The Government Shutdown: How Big a Problem and Who is to Blame?

The January 2019 AP-NORC Poll asked 1,062 adults about their attitudes toward the partial government shutdown that began Dec. 22, 2018

The partial government shutdown, which commenced on December 22, is the longest gap in government funding in the United States. It is a partial shutdown because about three-fourths of the federal government was already funded through the fiscal year, which ends in September.

The partial government shutdown is the result of a stalemate between Congress and the White House over the funding of a proposed wall along the U.S.-Mexico border.

Nearly a month into the shutdown, 65 percent of Americans consider it a major problem for the country. Sixty percent say a great deal of responsibility lies with President Donald Trump. Fewer place a great deal of responsibility for the shutdown on congressional Republicans (36 percent) or congressional Democrats (31 percent). Large majorities of Democrats and independents describe the shutdown as a major problem, while Republicans are more inclined to regard the shutdown as a minor challenge for the country.

Responsibility for the government’s partial shutdown is viewed through a partisan lens. Democrats are more inclined to blame the president and the Republicans in Congress, while Republicans hold Democrats in Congress largely responsible. Still, 46 percent of Republicans say Trump has a great deal or quite a bit of responsibility for the shutdown, while only 24 percent of Democrats say the same about congressional Democrats.

Thirty-six percent of Americans support a wall along the U.S.-Mexico border, including 76 percent of Republicans but only 8 percent of Democrats.

Of the 36 percent who favor building the wall, 69 percent say the president and congressional Republicans should stand firm on funding for the wall even if that results in a continuation of the shutdown, while only 30 percent want them to compromise in order to reopen the government even without funding for the wall.

Similarly, among the 76 percent who are opposed to the wall’s construction, 69 percent want the Democrats in Congress to continue to resist funding the wall even at the expense of reopening the government. Thirty percent would approve of legislation that funds the wall if the government would reopen.

Sixty-one percent of Americans oppose Trump declaring a national emergency to fund a wall if Congress doesn’t approve the funding, 25 percent would support such a declaration, and 13 percent neither support nor oppose. However, 58 percent of Republicans say they would support Trump declaring an emergency in order to build the border wall. Among Democrats, 88 percent oppose such a presidential action, as do 58 percent of independents.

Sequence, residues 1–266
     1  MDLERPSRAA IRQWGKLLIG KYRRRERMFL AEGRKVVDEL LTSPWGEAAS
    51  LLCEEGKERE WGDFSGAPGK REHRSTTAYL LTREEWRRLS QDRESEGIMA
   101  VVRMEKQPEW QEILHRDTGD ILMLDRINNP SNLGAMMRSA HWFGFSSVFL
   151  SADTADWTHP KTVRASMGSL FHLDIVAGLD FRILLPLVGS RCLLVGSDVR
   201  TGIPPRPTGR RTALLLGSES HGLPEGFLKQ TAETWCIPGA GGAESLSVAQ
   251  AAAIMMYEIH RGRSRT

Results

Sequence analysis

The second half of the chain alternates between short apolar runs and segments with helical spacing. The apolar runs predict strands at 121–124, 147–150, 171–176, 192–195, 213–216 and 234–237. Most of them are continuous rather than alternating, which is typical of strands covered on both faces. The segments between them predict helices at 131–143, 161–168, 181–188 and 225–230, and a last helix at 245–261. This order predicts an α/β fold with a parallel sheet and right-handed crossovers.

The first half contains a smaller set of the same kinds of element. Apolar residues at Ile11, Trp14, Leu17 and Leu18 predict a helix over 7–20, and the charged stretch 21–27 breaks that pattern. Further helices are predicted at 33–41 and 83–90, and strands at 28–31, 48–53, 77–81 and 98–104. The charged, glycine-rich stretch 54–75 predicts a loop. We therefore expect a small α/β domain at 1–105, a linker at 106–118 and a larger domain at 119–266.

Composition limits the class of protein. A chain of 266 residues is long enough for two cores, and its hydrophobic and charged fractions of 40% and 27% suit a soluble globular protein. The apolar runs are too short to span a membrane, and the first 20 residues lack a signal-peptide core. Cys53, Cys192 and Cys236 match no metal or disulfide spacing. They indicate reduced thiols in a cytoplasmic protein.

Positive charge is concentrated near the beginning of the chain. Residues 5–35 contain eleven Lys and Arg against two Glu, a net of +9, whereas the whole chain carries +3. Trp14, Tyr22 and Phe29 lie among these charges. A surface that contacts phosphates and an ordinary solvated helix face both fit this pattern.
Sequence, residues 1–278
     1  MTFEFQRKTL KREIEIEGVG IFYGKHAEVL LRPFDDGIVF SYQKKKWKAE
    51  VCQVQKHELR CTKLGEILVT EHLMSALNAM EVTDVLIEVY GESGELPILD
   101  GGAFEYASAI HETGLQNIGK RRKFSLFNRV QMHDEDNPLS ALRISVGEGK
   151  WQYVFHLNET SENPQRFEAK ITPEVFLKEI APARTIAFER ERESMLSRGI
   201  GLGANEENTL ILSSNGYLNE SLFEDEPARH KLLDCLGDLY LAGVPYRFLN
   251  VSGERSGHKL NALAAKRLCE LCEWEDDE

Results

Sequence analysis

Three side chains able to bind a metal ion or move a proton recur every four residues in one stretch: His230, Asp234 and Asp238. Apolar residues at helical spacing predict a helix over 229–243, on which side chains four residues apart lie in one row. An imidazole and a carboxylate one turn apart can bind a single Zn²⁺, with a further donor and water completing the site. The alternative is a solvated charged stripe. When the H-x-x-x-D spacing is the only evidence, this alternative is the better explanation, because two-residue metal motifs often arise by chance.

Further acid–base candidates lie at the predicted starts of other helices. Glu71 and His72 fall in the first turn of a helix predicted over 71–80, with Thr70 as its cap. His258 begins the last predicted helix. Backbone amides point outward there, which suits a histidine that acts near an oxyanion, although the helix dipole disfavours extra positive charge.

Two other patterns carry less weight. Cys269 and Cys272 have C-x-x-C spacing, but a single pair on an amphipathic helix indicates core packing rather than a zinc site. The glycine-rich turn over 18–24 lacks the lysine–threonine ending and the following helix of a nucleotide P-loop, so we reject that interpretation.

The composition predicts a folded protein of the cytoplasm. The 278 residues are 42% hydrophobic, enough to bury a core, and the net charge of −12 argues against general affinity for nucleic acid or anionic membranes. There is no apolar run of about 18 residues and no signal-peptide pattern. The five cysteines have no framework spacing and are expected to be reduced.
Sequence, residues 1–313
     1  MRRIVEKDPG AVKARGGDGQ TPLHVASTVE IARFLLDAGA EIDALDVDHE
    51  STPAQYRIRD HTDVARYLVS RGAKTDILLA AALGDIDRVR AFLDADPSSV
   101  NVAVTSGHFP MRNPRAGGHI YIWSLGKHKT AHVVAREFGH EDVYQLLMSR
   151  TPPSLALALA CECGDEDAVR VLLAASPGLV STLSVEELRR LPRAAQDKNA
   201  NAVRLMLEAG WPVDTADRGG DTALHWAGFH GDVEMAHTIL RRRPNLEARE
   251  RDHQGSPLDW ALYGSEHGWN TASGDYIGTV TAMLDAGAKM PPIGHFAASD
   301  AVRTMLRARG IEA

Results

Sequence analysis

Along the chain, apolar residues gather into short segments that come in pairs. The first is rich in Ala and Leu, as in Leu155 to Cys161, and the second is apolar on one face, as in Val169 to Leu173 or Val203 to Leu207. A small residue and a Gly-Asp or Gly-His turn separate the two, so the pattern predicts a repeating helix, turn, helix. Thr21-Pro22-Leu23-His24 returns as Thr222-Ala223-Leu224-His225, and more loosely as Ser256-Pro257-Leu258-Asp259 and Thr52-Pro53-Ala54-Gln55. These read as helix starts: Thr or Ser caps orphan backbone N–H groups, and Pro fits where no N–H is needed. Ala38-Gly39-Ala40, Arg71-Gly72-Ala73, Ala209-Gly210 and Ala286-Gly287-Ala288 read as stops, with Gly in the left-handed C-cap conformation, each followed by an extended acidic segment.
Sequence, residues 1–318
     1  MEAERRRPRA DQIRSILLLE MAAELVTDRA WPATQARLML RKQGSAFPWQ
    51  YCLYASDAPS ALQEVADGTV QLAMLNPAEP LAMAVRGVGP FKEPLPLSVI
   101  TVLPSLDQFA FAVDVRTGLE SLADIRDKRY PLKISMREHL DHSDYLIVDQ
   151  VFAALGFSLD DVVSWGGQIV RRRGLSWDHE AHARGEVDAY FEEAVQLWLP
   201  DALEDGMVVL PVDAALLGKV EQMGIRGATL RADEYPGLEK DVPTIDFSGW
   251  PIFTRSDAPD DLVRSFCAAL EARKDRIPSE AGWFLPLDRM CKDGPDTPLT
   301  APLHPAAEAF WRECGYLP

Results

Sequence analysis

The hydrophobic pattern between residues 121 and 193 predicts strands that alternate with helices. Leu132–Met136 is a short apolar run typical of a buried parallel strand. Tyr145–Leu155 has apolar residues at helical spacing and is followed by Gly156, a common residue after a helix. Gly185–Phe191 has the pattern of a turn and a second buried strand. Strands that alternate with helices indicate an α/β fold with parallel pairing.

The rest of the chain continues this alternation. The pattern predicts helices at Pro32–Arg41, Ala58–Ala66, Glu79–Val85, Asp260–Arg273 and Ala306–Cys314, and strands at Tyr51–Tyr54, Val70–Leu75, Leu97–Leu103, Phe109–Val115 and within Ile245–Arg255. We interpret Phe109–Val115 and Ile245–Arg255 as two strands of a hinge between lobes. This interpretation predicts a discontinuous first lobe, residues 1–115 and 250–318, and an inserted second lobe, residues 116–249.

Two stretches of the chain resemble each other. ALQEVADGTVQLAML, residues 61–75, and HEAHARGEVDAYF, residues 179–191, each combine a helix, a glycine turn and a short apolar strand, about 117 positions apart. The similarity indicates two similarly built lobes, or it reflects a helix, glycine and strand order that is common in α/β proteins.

Overall, few Americans are convinced about the benefits of a wall on the U.S.-Mexico border. Large numbers of Republicans say a wall would make Americans safer, reduce illegal immigration, and help the country’s economy. On the other hand, Democrats think it would have no effect on public safety or on the flow of illegal drugs or undocumented immigrants into the country.

The shutdown has had a major impact on 9 percent of Americans, and a minor impact on 27 percent. Since the government shutdown began, the public has experienced a number of problems such as finding offices and websites closed or suspended, finding parks closed or unstaffed, and having their work hours affected.

Overall, 34 percent approve of how Trump is handling his job as president and 65 percent disapprove. In the AP-NORC survey conducted in December, before the shutdown started, 42 percent approved and 56 percent disapproved of the president’s stewardship of the country.

The nationwide poll was conducted January 16-20, 2019, using the AmeriSpeak® Panel, the probability-based panel of NORC at the University of Chicago. Online and telephone interviews using landlines and cell phones were conducted with 1,062 adults. The margin of sampling error is plus or minus 4.1 percentage points.